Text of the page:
For the past 20 years, Republicans and conservative Democrats have been telling us that getting an education and the new information age technology would save American citizens their standards of living. Therefore, we shouldn’t worry about losing manual labor jobs. Not true. Wealthy conservatives have proved that they can destroy or put a lid on anyone’s income.
Conservatives will correctly argue that scientists, engineers, Ph.D.s and those in the information industry are among our highest paid professionals. They are, but relative to the people who hire them, they are poorly paid. As with other industries, investors and top executives are the ones who benefit most from the competition they create for their own workers.
How do they do it? By “using loopholes in the law,” and classifying jobs in such a way as to make sure that no U.S. candidates can fill the slots. So, the boss manipulates the labor market, keeps a lid on salaries (high as they are), and gets incredibly, fabulously, richer.
And you can count on it: if the technology industry tanks—or our country goes into a serious recession—those who will lose their jobs, or suffer serious income reductions, will be the Americans who actually built the industry to begin with.
The picture gets worse when American corporations totally abandon operations in this country and contract high-skill projects out to Third World countries. The Wall Street Journal was brutally frank when it reported that “High-Tech Firms Shift Some Skilled Work to Asian Countries; Like Blue-Collar Employees, West’s Professionals Face Competition Abroad”:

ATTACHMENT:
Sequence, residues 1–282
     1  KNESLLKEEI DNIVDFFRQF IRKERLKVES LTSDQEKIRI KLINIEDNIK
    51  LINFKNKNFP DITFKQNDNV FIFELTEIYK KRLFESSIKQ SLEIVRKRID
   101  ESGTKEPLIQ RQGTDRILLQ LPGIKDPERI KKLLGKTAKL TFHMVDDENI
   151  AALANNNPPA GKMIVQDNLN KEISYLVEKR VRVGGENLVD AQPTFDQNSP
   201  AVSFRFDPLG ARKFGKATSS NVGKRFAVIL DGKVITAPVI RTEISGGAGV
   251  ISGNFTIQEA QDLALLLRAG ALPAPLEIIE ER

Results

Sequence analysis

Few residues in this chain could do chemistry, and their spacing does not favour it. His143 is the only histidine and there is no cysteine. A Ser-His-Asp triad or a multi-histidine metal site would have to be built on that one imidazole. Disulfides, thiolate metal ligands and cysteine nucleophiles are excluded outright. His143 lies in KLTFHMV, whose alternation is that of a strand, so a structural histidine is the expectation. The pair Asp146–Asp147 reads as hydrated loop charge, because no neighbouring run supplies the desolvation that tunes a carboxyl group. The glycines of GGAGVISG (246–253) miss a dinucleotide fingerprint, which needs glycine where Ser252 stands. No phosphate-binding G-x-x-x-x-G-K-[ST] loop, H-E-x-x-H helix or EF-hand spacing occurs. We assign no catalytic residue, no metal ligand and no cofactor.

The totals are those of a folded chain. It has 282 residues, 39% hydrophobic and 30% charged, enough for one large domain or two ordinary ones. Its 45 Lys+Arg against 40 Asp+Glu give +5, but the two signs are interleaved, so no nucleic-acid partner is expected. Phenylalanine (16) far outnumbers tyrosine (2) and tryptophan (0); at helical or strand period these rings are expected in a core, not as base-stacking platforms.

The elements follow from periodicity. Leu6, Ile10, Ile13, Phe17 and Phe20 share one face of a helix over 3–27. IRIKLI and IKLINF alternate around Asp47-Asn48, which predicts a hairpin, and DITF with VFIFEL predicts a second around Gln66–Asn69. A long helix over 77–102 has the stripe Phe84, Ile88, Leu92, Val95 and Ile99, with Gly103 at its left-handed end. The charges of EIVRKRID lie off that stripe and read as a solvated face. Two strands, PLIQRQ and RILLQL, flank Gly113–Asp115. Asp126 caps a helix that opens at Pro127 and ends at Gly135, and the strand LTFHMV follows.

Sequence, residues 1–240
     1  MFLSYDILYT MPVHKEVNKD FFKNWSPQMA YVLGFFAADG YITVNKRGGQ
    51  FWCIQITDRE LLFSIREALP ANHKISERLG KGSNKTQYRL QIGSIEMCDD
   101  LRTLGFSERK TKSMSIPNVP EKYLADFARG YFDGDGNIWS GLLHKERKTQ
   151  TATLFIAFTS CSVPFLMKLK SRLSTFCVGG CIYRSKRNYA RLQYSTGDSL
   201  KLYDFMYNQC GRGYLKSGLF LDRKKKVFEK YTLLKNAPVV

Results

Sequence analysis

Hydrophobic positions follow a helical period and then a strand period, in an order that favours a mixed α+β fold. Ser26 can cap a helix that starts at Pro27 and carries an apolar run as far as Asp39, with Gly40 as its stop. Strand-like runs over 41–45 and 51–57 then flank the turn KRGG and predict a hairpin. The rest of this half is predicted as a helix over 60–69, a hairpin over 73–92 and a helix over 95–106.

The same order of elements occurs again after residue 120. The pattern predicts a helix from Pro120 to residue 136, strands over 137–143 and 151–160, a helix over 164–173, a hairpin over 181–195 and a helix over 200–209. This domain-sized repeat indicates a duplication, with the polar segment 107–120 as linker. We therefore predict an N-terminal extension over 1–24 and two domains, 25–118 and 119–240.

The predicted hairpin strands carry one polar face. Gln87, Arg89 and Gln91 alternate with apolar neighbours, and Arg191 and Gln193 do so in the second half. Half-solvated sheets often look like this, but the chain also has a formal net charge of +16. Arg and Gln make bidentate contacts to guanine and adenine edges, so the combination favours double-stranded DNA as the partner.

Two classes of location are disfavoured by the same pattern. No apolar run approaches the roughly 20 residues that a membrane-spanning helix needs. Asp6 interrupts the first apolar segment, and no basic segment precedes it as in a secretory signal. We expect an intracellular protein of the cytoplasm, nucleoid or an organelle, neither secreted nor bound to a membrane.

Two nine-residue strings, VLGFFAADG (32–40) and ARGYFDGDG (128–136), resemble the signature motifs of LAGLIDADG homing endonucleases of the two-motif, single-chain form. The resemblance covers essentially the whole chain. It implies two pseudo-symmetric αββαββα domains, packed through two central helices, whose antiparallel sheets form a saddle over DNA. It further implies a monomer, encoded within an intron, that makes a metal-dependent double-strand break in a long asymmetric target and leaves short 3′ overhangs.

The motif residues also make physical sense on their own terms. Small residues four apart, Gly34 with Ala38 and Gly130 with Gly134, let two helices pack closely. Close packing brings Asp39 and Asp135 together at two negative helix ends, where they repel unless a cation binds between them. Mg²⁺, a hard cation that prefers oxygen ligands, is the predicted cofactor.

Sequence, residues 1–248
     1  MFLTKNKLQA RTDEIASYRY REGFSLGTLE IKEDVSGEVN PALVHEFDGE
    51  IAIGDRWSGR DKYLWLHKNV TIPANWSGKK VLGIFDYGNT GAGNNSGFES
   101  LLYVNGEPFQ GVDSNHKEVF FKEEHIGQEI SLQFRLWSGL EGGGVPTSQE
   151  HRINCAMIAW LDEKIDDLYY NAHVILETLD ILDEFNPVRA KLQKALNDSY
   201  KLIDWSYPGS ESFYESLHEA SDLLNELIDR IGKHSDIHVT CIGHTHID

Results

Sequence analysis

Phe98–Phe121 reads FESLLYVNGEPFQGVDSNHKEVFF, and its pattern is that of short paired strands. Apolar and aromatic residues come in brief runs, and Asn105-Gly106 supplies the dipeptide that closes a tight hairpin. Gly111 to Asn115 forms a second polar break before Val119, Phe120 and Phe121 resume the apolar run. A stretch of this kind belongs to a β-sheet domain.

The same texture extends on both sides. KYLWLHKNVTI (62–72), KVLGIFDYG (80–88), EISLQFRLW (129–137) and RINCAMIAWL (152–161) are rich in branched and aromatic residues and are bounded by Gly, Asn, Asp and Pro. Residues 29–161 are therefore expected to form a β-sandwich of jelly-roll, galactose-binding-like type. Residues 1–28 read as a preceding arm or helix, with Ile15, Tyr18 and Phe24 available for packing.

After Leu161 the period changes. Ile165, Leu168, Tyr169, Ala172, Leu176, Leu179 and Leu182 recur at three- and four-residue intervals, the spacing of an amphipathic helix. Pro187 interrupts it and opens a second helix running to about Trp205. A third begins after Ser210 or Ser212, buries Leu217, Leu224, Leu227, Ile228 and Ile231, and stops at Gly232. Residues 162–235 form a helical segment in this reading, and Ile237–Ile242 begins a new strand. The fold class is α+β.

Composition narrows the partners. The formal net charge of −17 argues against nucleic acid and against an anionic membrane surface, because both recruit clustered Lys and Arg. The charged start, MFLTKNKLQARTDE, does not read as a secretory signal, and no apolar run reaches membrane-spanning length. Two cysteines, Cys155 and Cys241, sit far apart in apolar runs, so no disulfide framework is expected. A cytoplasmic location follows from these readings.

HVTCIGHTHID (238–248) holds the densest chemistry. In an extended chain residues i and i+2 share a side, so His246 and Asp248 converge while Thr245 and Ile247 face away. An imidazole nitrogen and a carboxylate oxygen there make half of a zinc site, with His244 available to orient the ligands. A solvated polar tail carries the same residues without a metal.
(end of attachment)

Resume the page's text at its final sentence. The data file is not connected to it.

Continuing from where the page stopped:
American multinationals such as H-P come to Malaysia mainly for low wages. But in the process they have bred a fast-growing class of cosmopolitan professionals [in Malaysia]…who have the kind of high-skilled jobs Americans covet….
It means that some of America’s most skilled workers are likely to face the same punishing competition and wage pressures from abroad now felt by blue-collar workers.…
This shift is sending billions of dollars of capital to countries like Malaysia from the U.S. and Japan, fueling the growth of high-paying jobs overseas.4
Conservative economic policies always benefit wealthy investors first—with only the promise of “trickle-down” to workers sometime in the vague future. Problem is, conservative politicians always change the rules to keep the promised future from happening.
Unmanaged free trade was supposed to eventually benefit workers, especially those with high skills. Americans would do the skillful work of the future, and Third World countries would provide the manual labor. But then, as international trade increasingly became a reality,
§ Third World countries began to train masses of their own citizens in the same skills that Americans were famous for. American corporations then began to shift operations overseas, and used their low wages to intimidate the skilled American workers who invented and perfected the skills to begin with.